Sold for $27,500 at 2011 Gooding & Company. In the post-War period, MG built a reputation with amateur racing with the MG TC and TD. In 1955, a team of MGs competed in the 24 Hours of LeMans; the following year, three cars competing in the 12 Hours of Sebring endurance race.
This particular example is a tribute to the MGA race cars. It features right-hand drive, a cut-down Plexiglas windshield, a front racing valance, and a custom rear license plate mounting bracket with a fitted light in the rear. The bumpers have been removed to complete the race look.
In 2010, this car was treated to an interior restoration with re-padded, newly covered leather seats, cowl and door trim, door panels and new carpeting. It is painted in British Racing Green paint with a light tan interior.
In 2011, this vehicle was offered for sale at the Gooding & Company auction held in Amelia Island, Florida. It was estimated to sell for $30,000 - $40,000 and offered without reserve. As bidding came to a close, the car had been sold for the sum of $27,500 inclusive of buyer's premium. By Daniel Vaughan | Mar 2011
The 1958 MGA Series 1500 was available as either a roadster or a coupe and sold for $2,275 - $2,600. The soft-top roadster could be purchased with a removable hardtop and the coupe version had roll-up glass windows and small vent wings. Power came from an overhead-valve four-cylinder engine that displaced 1489cc and offered 72 horsepower. They came with a four-speed manual gearbox with a hydraulically-operated clutch. There was a rack-and-pinion steering system and four-wheel hydraulic drum brakes.
There were approximately 16,250 MG vehicles sold in the United States in 1958, an increase of 2,754 vehicles over the prior year. By Daniel Vaughan | Jul 2011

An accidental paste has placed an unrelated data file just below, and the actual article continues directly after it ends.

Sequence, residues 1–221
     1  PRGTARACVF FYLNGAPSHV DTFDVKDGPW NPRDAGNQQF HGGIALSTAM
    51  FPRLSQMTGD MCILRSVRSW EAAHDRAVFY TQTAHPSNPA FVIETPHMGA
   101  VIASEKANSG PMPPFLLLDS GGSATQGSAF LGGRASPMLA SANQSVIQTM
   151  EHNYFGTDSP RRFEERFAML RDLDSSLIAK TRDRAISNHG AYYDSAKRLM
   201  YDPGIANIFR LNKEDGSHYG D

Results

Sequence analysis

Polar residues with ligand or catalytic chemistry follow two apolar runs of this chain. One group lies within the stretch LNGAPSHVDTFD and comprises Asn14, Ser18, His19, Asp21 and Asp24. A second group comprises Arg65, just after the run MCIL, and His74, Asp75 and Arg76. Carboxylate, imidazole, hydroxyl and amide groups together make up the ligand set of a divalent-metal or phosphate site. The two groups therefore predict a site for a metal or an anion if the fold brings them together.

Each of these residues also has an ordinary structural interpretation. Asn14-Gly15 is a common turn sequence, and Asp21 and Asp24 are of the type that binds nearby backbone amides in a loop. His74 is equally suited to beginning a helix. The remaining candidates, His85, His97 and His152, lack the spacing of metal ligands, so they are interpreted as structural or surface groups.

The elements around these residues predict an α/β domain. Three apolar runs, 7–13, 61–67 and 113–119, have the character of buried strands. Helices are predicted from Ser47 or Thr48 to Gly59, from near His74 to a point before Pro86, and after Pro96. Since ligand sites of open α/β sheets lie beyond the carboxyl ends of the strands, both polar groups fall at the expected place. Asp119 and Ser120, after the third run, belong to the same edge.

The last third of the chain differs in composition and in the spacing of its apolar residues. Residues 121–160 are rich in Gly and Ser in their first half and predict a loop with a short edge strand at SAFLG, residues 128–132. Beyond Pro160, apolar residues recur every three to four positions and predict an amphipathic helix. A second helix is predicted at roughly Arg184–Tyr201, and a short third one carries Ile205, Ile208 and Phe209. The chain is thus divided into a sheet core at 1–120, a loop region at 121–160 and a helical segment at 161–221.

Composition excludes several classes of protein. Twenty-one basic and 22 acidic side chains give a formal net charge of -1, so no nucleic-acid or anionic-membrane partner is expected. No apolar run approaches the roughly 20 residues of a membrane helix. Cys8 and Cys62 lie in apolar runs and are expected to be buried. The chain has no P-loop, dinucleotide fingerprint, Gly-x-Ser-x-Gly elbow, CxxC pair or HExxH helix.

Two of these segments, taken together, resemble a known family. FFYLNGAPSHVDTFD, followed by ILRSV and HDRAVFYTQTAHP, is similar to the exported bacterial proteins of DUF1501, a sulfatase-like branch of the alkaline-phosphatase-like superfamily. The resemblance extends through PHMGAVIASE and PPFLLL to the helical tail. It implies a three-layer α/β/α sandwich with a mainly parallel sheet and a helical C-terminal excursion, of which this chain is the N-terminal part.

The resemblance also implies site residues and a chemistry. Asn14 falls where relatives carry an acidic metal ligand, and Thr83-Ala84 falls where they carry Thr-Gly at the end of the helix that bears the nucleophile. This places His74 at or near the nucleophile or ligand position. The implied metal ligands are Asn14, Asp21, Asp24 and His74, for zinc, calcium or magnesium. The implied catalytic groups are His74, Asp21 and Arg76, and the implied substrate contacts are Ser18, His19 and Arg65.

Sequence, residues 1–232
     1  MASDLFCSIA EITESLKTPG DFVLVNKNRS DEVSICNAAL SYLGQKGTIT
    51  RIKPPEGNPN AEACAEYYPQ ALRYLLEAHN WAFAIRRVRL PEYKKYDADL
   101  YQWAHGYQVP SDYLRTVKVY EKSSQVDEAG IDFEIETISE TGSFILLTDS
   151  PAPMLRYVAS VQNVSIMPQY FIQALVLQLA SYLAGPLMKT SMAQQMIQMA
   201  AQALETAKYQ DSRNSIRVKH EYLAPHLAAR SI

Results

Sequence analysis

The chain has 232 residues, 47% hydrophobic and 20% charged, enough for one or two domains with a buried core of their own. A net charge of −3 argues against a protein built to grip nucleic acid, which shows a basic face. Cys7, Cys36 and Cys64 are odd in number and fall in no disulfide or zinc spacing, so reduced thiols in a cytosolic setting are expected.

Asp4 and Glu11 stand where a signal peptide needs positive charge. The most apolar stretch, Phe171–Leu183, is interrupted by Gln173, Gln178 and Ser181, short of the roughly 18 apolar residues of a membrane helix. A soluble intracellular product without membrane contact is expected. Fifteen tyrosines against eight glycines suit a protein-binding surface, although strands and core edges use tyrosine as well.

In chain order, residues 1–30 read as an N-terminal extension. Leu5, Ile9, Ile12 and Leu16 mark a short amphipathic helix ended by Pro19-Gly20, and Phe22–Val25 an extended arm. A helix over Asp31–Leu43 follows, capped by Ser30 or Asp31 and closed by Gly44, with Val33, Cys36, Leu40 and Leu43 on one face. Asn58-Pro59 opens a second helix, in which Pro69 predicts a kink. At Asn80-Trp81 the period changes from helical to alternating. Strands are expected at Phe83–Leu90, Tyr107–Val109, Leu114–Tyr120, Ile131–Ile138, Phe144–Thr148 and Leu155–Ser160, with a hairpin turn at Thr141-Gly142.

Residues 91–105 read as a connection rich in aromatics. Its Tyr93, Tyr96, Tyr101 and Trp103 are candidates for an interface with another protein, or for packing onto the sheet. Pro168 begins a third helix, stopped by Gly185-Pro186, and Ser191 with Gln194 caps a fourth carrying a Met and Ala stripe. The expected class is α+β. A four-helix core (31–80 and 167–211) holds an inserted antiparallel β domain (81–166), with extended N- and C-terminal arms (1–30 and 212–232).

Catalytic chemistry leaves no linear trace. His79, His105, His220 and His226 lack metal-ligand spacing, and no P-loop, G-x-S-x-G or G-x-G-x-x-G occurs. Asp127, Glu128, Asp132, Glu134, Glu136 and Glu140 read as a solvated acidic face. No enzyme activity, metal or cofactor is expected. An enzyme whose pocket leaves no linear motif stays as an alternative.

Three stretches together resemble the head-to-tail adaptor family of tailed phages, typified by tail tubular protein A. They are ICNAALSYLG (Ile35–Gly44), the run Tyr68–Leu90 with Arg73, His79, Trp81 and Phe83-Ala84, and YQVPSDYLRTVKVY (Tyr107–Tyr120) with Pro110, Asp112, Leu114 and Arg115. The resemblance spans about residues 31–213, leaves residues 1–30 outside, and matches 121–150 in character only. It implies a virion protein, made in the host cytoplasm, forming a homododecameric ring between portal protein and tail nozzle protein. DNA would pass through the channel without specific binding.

Only 2111 MGA Twin Cam cars were manufactured. This vehicle is the first left-hand car built and the first sent to the United States. The long awaited MGA Twin car was rolled-out in early 1958. The first cars were delivered to established race teams or large dealerships. KJell Qvale, the largest North American MG Dealer with an Extensive race team in California, received #504 in Mid-1958. QVale campaigned #504 for three races.
In 1963, #504 was purchased from a used car lot in Detroit, Michigan. Waterford Hill Race Track, North of Detroit, saw #504 racing again until 1966 when the engine was removed for inspection and normal maintenance. The exciting times of racing ended when #504 was placed in storage for four decades.
The current owner purchased the car in 2007 and its restoration was completed in 2012.
Sold for $68,200 at 2014 Bonhams. The MGA was conceived as a replacement for the tradition 'T'-Seires MGs, and combined a rigid chassis with the 1,489cc B-Series engine that had first appeared in the ZA Magnette. They were given a curvaceous aerodynamic body and were capable of achieving 95 mph. It was becoming more difficult to extract more power from the standard engine, so work was concentrated on a twin-overhead-camshaft cylinder head for the B-Series block. Conceived at Cowley by BMC engineer Gerald Palmer and introduced in 1958, the engine offered an impressive 108 horsepower. The Twin Cam MGA had a top speed which exceeded 110 mph. To cope with the increased performance, Dunlop disc brakes were fitted all round and Dunlop center-lock wheels were adopted.
This early MGA Twin Cam has a documented history. The previous owner used it in the Bahama Vintage Grand Prix. It is believed that this MGA was the ex-David Ash, JS Inksip test car used to film a road test at Lime Rock Park.